at warnings even as chaos erupts, resembles Dick Cheney;
      the humbled United States has to plead with Mexico to allow
      masses of American refugees fleeing the ice to cross the
      border.

      The initial efforts by NASA headquarters to limit comments
      angered some government researchers.

      "It's just another attempt to play down anything that might
      lead to the conclusion that something must be done" about
      global warming, one federal climate scientist said. He,
      like half a dozen government employees interviewed on this
      subject, said he could speak only on condition of anonymity
      because of standing orders not to talk to the news media.

      Along with its direct criticisms of a Bush-like
      administration, the movie also could draw attention to a
      proposed Bush budget cut.

      The lead character, played by Dennis Quaid, is a
      paleoclimatologist, an investigator of past climate shifts,
      for the National Oceanic and Atmospheric Administration.
      President Bush has proposed sharp cuts to the agency's
      paleoclimatology program, which began under the first Bush
      administration.

      On Friday, NOAA officials said they saw the movie mainly as
      an opportunity, not a problem.

      "Any time anybody can focus on this little agency that
      nobody ever pays attention to and talk about what we do,
      that's a good thing," said Jordan St. John, the agency's
      director of public affairs.

      Dana Perino, a spokeswoman for the White House Council on
      Environmental Quality, which handles policy on
      environmental issues, said she was "not aware of any White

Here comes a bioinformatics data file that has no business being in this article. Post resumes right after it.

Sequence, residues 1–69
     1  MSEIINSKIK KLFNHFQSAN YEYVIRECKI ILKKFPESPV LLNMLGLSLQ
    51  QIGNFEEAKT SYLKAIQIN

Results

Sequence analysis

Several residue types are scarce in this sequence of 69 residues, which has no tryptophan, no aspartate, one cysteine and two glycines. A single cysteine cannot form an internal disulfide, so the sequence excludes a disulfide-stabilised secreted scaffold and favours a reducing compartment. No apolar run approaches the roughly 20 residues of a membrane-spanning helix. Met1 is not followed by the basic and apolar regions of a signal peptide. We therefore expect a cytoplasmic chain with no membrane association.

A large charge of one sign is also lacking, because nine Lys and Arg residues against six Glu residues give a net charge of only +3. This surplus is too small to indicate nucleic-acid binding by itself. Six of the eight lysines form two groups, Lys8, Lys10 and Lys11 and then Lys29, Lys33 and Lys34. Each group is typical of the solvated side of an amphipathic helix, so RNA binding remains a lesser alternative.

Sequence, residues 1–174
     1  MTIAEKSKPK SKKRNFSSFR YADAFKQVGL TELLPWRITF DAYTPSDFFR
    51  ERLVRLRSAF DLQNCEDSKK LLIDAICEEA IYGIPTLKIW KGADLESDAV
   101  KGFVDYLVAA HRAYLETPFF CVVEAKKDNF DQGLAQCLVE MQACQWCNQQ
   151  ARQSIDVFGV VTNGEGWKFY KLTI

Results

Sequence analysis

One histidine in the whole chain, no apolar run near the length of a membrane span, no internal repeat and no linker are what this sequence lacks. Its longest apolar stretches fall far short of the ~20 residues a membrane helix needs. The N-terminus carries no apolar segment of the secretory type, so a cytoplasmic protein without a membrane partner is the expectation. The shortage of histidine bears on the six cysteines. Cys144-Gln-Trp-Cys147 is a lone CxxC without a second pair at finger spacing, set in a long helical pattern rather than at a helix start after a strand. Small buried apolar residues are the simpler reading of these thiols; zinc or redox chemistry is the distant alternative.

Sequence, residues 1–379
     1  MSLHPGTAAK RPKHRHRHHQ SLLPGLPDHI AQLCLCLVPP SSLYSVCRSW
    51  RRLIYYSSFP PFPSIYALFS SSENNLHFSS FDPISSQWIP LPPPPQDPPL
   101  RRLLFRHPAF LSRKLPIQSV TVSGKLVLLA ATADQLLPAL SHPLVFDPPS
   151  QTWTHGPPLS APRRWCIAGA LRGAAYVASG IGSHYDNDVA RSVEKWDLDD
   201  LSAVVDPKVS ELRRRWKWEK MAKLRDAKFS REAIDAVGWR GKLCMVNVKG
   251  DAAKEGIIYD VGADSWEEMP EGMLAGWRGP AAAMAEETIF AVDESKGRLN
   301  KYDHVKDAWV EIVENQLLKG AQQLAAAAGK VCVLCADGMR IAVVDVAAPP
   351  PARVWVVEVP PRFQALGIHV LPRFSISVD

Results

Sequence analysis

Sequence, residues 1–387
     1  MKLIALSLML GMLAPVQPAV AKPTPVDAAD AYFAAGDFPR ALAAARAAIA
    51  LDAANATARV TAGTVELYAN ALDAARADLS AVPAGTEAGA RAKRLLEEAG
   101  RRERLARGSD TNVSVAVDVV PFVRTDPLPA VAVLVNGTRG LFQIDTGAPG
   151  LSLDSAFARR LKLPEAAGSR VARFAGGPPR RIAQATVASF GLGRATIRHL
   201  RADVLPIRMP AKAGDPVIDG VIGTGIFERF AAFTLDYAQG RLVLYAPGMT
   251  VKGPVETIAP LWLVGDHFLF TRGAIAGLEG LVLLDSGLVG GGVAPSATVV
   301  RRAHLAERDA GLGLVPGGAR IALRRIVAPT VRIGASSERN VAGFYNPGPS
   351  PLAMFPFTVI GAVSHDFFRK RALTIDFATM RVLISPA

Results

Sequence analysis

House discussion about this movie with anyone - none at
      all."

      Some leaders of nonprofit environmental groups are also
      distressed about the movie, though for different reasons.
      In conference calls and e-mail exchanges, they have said it
      so overstates the issue - turning a decades-long or
      century-long threat into one that explodes over five days -
      that it might cause people to simply laugh off the real
      questions.

      The film's creators said they were puzzled by the concerns
      of environmentalists. "If they can get their act together,
      all they need to be saying is the drama of this movie is
      fictional but the fact is that global warming is real,"
      said Mark Gordon, the producer of the movie.

      If environmentalists distance themselves from the movie,
      they will be squandering a gift, said Dr. Daniel B. Botkin,
      an emeritus professor of ecology at the University of
      California, Santa Barbara.

      "I think it is a good educational opportunity, and that we
      should treat a disaster movie as entertainment and not get
      upset that it is a distortion," Dr. Botkin said. "But $125
      million on global warming must be a record for publicizing
      the issue."